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First produced in 1944, Sartre’s No Exit (Huis Clos) is famous for its line, “Hell is other people.” But I don’t think that’s fair to either Sartre or hell; his play was about so much more than just that and, in my mind, I can think of a few people I gladly would spend eternity with and be quite comfortable.

Still, this got me thinking about the idea of hell and our fascination with the concept—the very word in English has a etymology that is debated to this day. "Sheol," "Hades," "Gehenna," "Tartarus," "Freshman Year," and so many other terms have been used to describe a place, a mental state, a spiritual failing; but ultimately it comes down to what we believe.

When I was six, I would have told you that hell is a long car ride with my family; at twelve it would have been a particular class in school; at eighteen I have no doubt it would have involved a girl. Now, I don’t know—it’s perhaps something more akin to being apart from the one I love.

So, here is my choice quote from No Exit:

There were days when you peered into yourself, into the secret places of your heart, and what you saw there made you faint with horror. And then, next day, you didn't know what to make of it,you couldn't interpret the horror you had glimpsed the day before. Yes, you know what evil costs.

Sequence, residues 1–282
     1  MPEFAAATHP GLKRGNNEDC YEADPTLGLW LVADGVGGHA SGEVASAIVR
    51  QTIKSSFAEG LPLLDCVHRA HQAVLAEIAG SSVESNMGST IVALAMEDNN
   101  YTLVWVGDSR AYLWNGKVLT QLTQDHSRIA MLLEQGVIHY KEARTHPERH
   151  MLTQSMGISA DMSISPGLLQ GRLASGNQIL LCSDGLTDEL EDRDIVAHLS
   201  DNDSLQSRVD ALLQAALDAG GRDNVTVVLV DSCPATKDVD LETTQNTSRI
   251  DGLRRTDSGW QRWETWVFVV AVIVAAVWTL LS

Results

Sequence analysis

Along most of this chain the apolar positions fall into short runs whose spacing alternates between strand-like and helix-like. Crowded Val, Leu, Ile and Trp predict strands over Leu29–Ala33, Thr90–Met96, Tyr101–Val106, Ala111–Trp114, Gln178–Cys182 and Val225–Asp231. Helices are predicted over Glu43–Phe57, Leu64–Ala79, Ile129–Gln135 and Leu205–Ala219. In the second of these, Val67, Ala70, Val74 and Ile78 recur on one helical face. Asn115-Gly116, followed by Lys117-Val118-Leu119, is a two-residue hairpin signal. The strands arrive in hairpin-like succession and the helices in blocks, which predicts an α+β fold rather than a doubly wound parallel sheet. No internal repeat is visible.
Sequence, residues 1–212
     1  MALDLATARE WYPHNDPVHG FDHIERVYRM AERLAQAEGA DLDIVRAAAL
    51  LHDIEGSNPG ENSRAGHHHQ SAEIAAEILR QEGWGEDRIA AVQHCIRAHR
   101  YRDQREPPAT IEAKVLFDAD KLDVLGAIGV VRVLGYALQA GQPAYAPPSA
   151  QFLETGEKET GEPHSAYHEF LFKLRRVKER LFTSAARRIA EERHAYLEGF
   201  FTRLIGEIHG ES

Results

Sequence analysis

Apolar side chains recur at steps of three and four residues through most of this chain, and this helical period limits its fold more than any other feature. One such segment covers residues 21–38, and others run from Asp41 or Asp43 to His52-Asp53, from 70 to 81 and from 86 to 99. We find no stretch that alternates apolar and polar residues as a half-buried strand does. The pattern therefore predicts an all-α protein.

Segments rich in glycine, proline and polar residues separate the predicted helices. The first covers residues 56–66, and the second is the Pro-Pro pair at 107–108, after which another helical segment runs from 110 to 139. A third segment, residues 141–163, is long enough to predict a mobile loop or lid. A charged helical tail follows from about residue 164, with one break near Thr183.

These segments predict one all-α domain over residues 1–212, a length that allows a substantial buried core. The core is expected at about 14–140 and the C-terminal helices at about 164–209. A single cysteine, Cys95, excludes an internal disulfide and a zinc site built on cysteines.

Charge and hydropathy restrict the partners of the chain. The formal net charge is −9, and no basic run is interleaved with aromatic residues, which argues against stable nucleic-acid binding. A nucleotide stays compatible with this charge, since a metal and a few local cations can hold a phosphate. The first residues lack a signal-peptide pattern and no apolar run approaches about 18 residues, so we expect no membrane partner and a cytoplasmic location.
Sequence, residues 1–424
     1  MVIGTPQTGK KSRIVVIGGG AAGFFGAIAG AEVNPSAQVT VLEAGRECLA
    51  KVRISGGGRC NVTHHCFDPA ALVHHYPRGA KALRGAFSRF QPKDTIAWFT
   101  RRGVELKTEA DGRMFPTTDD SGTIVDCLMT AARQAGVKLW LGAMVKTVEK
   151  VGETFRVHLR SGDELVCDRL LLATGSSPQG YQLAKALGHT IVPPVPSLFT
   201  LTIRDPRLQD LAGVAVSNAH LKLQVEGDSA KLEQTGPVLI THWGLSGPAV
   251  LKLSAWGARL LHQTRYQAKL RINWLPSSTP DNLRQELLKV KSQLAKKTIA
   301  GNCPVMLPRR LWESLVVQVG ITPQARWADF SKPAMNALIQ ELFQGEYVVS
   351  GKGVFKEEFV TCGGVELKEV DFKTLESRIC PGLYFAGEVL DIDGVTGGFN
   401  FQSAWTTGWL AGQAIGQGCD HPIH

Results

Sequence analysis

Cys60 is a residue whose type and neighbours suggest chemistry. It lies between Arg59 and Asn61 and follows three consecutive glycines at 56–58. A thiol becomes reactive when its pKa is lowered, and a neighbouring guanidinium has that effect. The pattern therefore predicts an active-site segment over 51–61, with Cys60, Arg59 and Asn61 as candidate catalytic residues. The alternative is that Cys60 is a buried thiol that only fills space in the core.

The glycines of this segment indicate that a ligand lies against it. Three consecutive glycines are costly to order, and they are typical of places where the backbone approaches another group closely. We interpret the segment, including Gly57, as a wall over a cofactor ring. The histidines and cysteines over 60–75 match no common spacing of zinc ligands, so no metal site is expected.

I leave you with a song from Carmina Burana that movies have so taken out of context that we associate the diatonic line with something like hell.
The best-known song from Carmina Burana is “O Fortuna” (“Oh Fortune”), which serves as both prologue and epilogue. It frames the revelry of the three main movements with a stark warning about the power of luck and fate, offering the ancient image of a wheel of fortune that deals out triumph and disaster at random. The forceful first measures are among the grandest statements in all choral literature.

What's your idea of hell this wonderful Friday morning?

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